“And he laughed.”
Going with the flow
Life’s little misadventures always had a way of turning out for Wollack, said Jeff Odendahl, who met Wollack in 1967 as a rookie canoe guide at Laketrails. Odendahl, who later taught at a parochial school in Little Falls, also was director at Laketrails from 1994 through 2004, and then for one summer in 2007.
On his very first canoe expedition with Wollack in 1967, each leading a group of Laketrails campers, Odendahl recalls, Wollack decided they should take an overland route across the Aulneau Peninsula.
They were lost for the next day and a half.
“It’s still the most incredible canoe trip I’ve ever been on,” Odendahl, of Maplewood, Minn., said. “Jack was just incredible. He had a way of finding his way around things. We were definitely lost, but he didn’t let things like that hold him back. He just kept going, and it always turned out.”
Wollack had a knack for being comfortable and fitting in wherever life took him, Odendahl says. That was Jack.
“I’ve told people this before – Jack is the most deeply spiritual person I think I’ve ever met, and I say that not in a hokey way or an obsessive way,” Odendahl said. “It’s just that I think he had a way of experiencing God in his life, and things just happened to Jack that I don’t think would normally happen to most of us – like being lost in the middle of the Aulneau and coming out of it.
“He did have a connection, I think, to the Creator, and he believed in all of the good of creation, too. He loved the outdoors and he loved Lake of the Woods. Even until he got really, really sick here the last couple of months in November and December, he was still trying to plot on how he could get back up to his island.”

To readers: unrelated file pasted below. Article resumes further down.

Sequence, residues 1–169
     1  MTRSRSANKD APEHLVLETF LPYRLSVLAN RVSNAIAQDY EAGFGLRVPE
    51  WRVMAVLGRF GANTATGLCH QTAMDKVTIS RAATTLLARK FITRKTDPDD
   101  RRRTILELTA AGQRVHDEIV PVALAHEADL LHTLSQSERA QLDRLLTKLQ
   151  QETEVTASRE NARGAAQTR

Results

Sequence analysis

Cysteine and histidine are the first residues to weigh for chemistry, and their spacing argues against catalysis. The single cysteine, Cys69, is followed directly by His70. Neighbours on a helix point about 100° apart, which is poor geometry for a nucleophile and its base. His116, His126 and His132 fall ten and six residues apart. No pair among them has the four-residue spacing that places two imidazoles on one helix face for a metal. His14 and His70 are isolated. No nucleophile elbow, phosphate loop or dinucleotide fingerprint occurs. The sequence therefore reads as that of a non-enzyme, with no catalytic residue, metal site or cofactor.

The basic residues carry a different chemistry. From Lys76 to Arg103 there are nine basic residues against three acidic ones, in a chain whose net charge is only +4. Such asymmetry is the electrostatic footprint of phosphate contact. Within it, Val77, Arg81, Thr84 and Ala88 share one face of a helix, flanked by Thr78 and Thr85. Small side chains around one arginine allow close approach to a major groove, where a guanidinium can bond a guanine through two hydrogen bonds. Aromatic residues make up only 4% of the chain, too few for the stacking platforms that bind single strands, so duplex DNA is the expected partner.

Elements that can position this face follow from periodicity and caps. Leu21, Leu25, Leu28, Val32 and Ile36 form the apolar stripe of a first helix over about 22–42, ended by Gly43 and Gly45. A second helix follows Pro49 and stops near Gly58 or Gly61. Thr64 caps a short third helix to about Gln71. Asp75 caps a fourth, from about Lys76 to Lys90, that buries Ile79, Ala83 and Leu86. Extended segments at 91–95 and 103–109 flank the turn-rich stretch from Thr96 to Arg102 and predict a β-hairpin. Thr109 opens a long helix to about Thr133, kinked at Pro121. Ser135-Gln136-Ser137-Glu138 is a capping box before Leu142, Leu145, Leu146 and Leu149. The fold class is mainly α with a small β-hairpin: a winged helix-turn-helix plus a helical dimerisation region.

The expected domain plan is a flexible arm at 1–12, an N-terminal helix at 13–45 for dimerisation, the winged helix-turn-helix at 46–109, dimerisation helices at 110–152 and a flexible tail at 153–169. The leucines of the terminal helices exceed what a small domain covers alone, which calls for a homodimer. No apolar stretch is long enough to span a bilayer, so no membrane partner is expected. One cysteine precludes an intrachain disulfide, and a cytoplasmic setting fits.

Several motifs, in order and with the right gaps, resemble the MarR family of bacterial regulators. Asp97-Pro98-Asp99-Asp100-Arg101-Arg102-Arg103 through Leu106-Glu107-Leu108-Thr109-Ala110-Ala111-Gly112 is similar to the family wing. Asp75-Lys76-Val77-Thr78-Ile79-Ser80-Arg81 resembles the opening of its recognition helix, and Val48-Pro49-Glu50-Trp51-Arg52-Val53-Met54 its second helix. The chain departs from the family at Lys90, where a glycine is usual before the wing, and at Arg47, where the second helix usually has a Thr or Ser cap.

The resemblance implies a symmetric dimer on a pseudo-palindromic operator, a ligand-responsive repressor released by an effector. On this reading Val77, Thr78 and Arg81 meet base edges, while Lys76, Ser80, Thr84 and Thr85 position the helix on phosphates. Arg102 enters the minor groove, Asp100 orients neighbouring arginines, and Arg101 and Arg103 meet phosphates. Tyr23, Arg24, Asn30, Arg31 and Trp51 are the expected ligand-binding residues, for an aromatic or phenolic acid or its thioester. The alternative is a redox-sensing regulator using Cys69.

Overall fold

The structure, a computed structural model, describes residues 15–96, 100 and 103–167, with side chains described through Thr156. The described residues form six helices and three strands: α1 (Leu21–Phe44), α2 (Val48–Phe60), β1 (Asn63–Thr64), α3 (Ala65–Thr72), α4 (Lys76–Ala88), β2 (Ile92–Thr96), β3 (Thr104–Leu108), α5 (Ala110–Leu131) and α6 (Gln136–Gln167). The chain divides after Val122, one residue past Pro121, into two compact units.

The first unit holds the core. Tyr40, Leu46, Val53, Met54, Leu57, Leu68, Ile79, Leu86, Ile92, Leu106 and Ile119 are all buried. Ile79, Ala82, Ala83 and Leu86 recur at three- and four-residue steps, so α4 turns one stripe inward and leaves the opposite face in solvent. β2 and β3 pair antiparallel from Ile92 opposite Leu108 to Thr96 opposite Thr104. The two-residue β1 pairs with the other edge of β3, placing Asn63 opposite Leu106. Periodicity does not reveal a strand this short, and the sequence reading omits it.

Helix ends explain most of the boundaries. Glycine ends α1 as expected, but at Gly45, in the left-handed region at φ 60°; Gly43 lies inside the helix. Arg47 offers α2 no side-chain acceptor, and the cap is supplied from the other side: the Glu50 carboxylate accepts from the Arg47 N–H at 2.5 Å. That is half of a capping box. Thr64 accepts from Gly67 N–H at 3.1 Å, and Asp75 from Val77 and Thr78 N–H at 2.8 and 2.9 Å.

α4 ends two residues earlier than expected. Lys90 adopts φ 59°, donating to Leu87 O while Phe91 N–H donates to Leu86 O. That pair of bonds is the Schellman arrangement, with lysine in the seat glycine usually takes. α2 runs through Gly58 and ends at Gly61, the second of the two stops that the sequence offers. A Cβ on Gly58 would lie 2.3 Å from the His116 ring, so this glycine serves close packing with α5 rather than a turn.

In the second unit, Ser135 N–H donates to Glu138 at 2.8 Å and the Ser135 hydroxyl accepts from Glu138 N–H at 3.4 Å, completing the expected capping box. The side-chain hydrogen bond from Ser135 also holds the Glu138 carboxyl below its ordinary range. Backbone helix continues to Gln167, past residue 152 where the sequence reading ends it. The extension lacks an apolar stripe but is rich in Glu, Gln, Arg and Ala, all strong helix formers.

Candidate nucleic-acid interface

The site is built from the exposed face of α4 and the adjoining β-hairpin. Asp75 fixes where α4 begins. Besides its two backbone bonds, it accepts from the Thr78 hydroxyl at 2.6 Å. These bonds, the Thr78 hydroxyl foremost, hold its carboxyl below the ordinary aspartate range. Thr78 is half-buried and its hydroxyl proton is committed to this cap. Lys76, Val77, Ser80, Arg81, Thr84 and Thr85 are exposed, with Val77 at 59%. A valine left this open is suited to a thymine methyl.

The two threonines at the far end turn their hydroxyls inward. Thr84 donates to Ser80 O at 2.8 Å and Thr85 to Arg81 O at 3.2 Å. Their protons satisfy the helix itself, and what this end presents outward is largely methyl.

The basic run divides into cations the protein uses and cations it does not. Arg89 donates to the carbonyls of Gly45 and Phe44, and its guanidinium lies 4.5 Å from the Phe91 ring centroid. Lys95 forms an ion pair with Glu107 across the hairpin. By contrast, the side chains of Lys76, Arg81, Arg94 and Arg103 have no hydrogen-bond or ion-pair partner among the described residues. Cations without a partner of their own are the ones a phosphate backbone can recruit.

Leaving the Angle
Lemm, the present Laketrails director, recalls that beautiful, sunny fall day in September 2021 when Wollack left his island for the last time. He was having trouble with his legs and called Lemm to say he needed to see a doctor. She boated to Birch Island and, with the help of a couple of friends from nearby Flag Island, managed to get Wollack into the boat.
It was the last time he would see Lake of the Woods; his beautiful Lake of the Woods.
“It was just the most beautiful day,” Lemm recalled. “It was sunny and warm in the fall, and we were sitting there, and I thought, ‘Boy, Jack, I hope you get back here.’ But he told me later, he said, ‘I had no idea that would be the last time I wouldn’t be there.’ So, it’s really kind of sad the way he left.”
Wollack is survived by daughters Laura McLeod of Brooklyn Park, Minn., and Jill Wollack of Portland, Ore.; son Forrest and daughter-in-law Mika Wollack of Bloomington, Minn.; sisters Connie Eide, Bonnie Karasek, Linda (Ron) Bodell, Mary (Steve) Nightingale and Kathy (Mike Moore) Wollack; and grandsons Quinlan and Sean McIntire.
A funeral for Wollack will be held at 1 p.m. Saturday, April 22 – Earth Day – at St. Mary Star of the Sea in Duluth.
Even in death, the memory of Wollack will endure as part of what Birchem calls “my (Northwest) Angle.”
“When I go to the Angle, those back bays on the Ontario side where there isn’t anybody around, that’s Jack Wollack,” Birchem said. “That’s what I’ll remember about Jack.”